ROBO Global released a worldwide outlook report for 2019 that highlighted that artificial intelligence (AI) and robotics will act as a catalyst to create a “wave of new opportunities” this year.
“Machine learning and artificial intelligence have been making headlines for the past few years, enabling everything from self-driving cars to a champion computer chess player. But at long last, the practical value of machine learning is being realized,” said the report.
Banks are using machine learning which is a subset of AI to identify suspicious activity in real time and prevent fraud, according to the report. Retailers are also using it to personalize customer experiences and boost supply chains.
“2019 will be the year edge computing enables machine learning to reach beyond the data centers and the Cloud to play a key role in getting intelligence into robots out in the field,” said the report.
Market intelligence firm Tractica forecasts that the revenue generated from the direct and indirect application of artificial intelligence software will grow to $105.8 billion by 2025 from $5.4 billion in 2017, representing a compound annual growth rate of nearly 45%.
“There is a lot of disruptive technology coming into healthcare. It will drive better patient outcomes,” Richard Lightbound, ROBO Global CEO EMEA & Asia, told Proactive London’s Andrew Scott.
Health care accounts for 10% of the ROBO Index, with a focus on robotics guidance and surgery, laboratory automation, genomics, and AI healthcare applications. The sector returned more than 21% in the first 11 months of 2018.
“Artificial intelligence is already driving revolutionary change in the medical field. But this does not mean that doctors will be replaced by medical robots. Far from it,” said ROBO Global CIO and President William Studebaker. “Instead, AI will continue to bolster the capabilities of physicians and the medical devices and machines they use every day to deliver better patient outcomes.”
ROBO Global says that there will be continued investments in robotics and artificial intelligence, as well as a new wave of M&A by traditional health care companies in the medical device and instrument arena as they seek new avenues for growth.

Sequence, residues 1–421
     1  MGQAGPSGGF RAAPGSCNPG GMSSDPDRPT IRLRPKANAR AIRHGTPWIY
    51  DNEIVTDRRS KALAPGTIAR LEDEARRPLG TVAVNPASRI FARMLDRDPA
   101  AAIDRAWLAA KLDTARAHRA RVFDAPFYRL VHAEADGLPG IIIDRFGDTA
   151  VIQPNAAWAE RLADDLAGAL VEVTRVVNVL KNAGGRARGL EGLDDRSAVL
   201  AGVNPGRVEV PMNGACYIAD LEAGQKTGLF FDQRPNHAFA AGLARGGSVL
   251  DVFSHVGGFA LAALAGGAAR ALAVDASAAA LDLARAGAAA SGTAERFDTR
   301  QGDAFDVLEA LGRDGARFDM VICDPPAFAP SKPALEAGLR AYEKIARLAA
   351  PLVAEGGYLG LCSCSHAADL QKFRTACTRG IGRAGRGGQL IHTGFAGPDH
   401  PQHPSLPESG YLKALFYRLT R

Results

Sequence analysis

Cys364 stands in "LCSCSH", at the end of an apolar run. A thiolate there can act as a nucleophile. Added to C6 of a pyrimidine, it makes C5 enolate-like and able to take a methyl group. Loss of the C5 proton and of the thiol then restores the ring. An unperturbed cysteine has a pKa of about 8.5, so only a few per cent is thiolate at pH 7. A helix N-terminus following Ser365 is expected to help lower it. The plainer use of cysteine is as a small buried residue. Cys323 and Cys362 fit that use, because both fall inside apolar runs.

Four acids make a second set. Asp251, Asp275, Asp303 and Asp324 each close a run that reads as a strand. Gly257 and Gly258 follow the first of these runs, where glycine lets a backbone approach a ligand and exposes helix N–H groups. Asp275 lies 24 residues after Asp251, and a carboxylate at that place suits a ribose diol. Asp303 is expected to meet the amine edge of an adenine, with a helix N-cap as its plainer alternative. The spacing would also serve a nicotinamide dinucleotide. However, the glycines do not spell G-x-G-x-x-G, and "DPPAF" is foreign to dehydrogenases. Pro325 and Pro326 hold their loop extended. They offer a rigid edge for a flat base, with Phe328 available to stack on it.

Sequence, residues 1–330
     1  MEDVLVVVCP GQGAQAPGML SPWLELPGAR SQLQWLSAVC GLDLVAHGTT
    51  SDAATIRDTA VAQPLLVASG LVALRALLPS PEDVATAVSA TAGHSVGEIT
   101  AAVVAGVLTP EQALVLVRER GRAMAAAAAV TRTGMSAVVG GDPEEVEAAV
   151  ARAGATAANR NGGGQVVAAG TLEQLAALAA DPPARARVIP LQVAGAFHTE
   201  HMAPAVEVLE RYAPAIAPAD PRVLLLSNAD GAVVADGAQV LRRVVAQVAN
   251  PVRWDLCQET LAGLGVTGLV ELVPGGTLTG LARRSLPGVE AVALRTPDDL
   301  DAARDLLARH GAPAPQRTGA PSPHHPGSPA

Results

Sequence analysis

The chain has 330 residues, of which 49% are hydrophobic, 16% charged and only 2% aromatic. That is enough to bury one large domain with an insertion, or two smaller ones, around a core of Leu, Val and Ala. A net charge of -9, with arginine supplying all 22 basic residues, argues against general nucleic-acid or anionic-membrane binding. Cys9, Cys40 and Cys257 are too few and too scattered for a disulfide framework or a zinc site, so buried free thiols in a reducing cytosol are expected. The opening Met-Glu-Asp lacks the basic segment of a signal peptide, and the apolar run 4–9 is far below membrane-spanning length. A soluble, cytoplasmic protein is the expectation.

In 2018, spine robotics surgery pioneer Mazor Robotics — which has been the best performing constituent of the ROBO Index in the past three years — agreed to be acquired by Medtronic PLC’s (NYSE:MDT) for over $1.6 billion.
Index component Globus Medical Inc (NYSE:GMED) is also making headway in this area, driving significant technological advancements across a complete suite of spinal products.
Intuitive Surgical ((NASDAQ:ISRG) is also an early component of the ROBO index.
In the ROBO world pure-play stocks — companies such as Intuitive Surgical and iRobot Corp (NASDAQ:IRBT) — have an approximate 2% weighting in the 87-strong ROBO index. The hybrids are individually at about 1%.
“In 2019, we expect another year of double-digit EPS growth as industrial and factory automation markets bottom out before summer, and structural growth in demand continues across a variety of other robotics, automation and artificial intelligence (RAAI) technologies such as sensing, computing, and AI, and applications including logistics, healthcare, and 3D printing, among others,” said the report.
To put it into perspective, the benchmark ROBO index is to the robotics, automation and artificial intelligence universe what the Morgan Stanley Capital International (MSCI) Index is to investors who want an exposure to emerging markets.
The ROBO index is used as a performance benchmark for funds and market growth. Since it’s the first major index in the robotics, automation and AI space, the ROBO index has several low-cost ETFs tied to it at the hip.
ROBO Global provides its expertise to the ROBO Global Robotics and Automation Index ETF (NYSEARCA:ROBO) which was trading flat at $35 on Tuesday.
Contact Uttara Choudhury at [email protected]